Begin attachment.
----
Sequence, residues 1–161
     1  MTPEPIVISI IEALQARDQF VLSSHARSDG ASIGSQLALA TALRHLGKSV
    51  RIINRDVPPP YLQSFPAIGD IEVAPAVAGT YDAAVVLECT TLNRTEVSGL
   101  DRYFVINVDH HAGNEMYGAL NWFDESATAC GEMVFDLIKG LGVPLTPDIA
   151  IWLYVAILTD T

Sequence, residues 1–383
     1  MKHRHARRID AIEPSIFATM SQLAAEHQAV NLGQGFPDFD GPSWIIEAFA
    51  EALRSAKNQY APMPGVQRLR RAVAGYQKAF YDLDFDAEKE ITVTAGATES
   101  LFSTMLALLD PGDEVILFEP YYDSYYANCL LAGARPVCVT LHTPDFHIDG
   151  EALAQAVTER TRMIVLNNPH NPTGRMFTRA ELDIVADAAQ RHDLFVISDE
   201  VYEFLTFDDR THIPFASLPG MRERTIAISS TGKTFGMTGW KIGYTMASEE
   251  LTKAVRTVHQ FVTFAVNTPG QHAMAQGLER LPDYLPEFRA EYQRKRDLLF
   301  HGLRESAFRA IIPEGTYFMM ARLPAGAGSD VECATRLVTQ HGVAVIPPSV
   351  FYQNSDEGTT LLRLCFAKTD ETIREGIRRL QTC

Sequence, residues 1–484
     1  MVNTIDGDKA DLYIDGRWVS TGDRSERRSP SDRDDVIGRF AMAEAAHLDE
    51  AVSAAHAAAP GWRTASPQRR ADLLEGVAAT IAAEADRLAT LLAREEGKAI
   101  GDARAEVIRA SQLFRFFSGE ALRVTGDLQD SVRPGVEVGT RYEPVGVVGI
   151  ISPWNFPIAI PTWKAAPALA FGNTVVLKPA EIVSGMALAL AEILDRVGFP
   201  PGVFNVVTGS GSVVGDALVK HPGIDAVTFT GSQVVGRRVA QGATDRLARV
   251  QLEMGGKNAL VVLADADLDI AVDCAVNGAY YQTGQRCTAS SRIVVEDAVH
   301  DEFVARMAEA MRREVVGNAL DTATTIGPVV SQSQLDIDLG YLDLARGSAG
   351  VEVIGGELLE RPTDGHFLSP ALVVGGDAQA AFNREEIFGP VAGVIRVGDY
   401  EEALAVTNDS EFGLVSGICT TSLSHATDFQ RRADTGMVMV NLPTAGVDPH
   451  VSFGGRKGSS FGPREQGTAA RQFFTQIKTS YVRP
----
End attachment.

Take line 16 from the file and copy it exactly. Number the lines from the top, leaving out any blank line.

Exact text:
     1  MVNTIDGDKA DLYIDGRWVS TGDRSERRSP SDRDDVIGRF AMAEAAHLDE